What do you guys think? Original commenter, would you like to provide clarification or context?

Will stay unpublished until I know whether this is some Christian B.S.

Monday, September 24, 2012

Do we have a right to die?

Something has disturbed me recently. I found out that there is a bill on the ballet in Massachusetts to legalize physician-assisted suicide for those who are terminally ill.

On the surface, such a law often sounds like a good idea. Supporters use words like "dignity" and talk about suffering. If someone knows he is going to die, why prolong the suffering?

My beliefs suggest that there are some very important reasons why suicide is never an option.

Not that we can ever do anything to set us back permanently. Suicide is not going to land us in hell for eternity. But leaving early does deprive us of the chance to work through the sanskara that we were put in this life to deal with. and the act of suicide is going to add some very serious sanskara to future lifetimes.

It may sound cruel to say we have to stick it out no matter the circumstances. And I'm a very firm believer in the "separation of church and state," as they say here. I don't want to legislate my morality. I don't vote based on religious preferences alone (although my religion certainly informs everything in my life).

Some of you may now that I'm connected to doing work in disability rights. Another thing that I have against a bill like this is the double standard. When a healthy and/or able-bodied person says they want to kill themselves, we rush to get them counseling, medication, and help. When someone with a severe disability or illness wants to kill themselves, we say "Yeah, that makes sense. Your life must be shit."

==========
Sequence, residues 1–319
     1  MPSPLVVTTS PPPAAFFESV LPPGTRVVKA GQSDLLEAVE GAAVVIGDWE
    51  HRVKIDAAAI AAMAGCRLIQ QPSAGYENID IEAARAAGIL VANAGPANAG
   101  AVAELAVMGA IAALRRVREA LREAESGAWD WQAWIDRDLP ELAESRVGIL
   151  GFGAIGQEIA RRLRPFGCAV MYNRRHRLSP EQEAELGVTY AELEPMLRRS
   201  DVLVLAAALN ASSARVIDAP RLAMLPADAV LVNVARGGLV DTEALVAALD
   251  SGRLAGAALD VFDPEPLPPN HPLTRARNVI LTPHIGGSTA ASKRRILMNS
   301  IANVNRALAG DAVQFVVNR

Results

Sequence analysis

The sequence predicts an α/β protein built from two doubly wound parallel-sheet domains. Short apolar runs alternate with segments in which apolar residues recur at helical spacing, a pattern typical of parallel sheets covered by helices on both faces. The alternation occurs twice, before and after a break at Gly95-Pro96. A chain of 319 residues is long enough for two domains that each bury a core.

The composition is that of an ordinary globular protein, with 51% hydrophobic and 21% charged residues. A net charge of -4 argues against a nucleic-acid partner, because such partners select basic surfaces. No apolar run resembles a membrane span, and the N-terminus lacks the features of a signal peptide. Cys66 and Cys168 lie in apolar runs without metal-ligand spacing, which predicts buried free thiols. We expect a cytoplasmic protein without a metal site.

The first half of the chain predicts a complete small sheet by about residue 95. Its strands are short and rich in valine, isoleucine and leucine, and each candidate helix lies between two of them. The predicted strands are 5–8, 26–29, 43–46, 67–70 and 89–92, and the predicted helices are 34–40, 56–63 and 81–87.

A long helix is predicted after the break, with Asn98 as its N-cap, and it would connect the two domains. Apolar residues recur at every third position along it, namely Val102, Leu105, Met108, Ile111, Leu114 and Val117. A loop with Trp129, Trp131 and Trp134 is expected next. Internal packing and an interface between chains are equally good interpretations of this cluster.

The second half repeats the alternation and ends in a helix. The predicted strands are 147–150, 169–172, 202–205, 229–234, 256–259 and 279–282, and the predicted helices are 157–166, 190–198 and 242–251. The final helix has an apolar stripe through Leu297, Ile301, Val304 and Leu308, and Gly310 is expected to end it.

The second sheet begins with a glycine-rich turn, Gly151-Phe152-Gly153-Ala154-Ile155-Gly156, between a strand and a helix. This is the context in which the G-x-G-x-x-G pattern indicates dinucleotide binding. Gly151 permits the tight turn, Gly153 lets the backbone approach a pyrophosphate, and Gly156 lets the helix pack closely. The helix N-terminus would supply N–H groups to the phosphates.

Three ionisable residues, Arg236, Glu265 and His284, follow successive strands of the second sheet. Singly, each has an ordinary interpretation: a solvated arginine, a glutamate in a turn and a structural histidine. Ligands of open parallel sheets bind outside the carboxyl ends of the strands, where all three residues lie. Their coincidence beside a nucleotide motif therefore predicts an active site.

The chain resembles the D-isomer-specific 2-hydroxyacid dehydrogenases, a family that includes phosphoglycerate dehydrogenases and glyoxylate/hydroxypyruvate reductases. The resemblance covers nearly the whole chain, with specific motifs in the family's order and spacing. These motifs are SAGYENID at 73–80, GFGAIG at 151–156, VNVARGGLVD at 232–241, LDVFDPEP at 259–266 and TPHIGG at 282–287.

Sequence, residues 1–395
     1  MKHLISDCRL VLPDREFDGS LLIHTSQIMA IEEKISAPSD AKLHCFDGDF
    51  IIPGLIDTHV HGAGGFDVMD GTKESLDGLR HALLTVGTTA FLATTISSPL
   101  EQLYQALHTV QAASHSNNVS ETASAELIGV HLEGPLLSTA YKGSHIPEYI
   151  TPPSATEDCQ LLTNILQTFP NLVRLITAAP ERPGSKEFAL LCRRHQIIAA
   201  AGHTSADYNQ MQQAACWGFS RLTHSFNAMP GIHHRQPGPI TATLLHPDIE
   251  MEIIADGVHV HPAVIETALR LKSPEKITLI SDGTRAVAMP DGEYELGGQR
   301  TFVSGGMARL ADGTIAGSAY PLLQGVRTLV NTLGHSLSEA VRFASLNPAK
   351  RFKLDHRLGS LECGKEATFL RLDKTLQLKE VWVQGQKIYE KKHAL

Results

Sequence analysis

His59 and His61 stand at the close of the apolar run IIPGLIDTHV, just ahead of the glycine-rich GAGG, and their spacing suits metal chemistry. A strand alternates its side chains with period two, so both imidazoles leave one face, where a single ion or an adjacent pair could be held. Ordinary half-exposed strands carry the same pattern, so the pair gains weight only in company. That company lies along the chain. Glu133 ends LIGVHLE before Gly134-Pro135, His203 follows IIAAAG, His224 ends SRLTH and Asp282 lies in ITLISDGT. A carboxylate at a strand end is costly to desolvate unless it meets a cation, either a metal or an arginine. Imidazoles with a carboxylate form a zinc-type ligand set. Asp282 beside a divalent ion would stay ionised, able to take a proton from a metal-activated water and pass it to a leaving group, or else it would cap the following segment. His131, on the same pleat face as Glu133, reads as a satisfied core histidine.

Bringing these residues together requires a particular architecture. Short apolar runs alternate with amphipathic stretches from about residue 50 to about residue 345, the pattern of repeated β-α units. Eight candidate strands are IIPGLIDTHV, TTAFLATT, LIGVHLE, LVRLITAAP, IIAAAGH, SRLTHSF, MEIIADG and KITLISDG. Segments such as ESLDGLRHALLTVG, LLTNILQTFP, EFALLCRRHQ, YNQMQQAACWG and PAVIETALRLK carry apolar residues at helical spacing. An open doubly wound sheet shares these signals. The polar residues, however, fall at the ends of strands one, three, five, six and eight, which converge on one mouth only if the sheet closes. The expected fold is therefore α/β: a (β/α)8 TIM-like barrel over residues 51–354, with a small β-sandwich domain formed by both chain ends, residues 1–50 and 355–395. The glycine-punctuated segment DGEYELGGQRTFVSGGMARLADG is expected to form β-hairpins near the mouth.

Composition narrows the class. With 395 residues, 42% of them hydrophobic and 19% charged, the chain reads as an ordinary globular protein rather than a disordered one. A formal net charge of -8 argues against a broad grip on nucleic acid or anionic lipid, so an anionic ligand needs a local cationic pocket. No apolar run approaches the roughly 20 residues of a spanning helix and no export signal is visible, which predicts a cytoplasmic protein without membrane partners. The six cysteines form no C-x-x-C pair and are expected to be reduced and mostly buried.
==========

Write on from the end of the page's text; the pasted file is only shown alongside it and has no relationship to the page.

No one has the right to take his own life.

And I think that's what's at the heart of this passionate debate back and forth over the right to die issue.

We want to believe that we have some control over our life and our death. We like to tell ourselves that if things got too bad we could always kill ourselves, that at any time we could take control.

But we are not in control of death. 

The universe takes us when it is our time and we will never see that coming. Even those who are terminally ill cannot predict (or have doctors) predict the moment they will pass. Prognoses are educated estimates. We don't know when our time to go is.

Proof of that, to me, is the seemingly random way that some people do insanely dangerous things and live while others die tucked away at home reading a book. People even frequently survive suicide attempts. When a doctor gives you poison, though, there's no turning back.

This is not the same as a do-no-resuscitate request. This is an active killing of a human being. And whether that life is your own or someone else's, it's still murder in my book. Our lives are not given over to us to control. Not entirely.

Now since I try not to force my moral and religious beliefs on others, I can almost come to this issue the way I do to abortion. I think it's wrong and I wouldn't do it, but I don't begrudge anyone else making the moral decision for herself. I don't judge those who do choose it and I don't prevent them from choosing it. I am not in their skin. I don't know what the situation looks like to them. I am not terminally ill. I don't know what such people are facing.

This law gets more personal for me. It concerns me that, for example, the official witness who confirms that the person really does want to die can be the person who inherits from the death. It concerns me that we put doctors, whose oath is to life, in the position of purposefully killing (and what that might do to their sanskara!). And it concerns me that we value some life more than others.

I no longer live in Massachusetts, so this is not something I will have to vote on as of yet. My friends tell me there are some states where such bills have passed and nothing terrible has come of it. I am not so sure. After all, we can't see sanskara.

These are my thoughts at this moment. I'm uncertain how they may evolve. At this time, though, I am passionately opposed to legalizing suicide.

{And for further reading, I would suggest the "life with dignity" people, Not Dead Yet}

Wednesday, September 19, 2012

Happy Ganesh Chaturthi!

I don't have any big plans this year. I did not attempt modak again or make a clay Ganesh.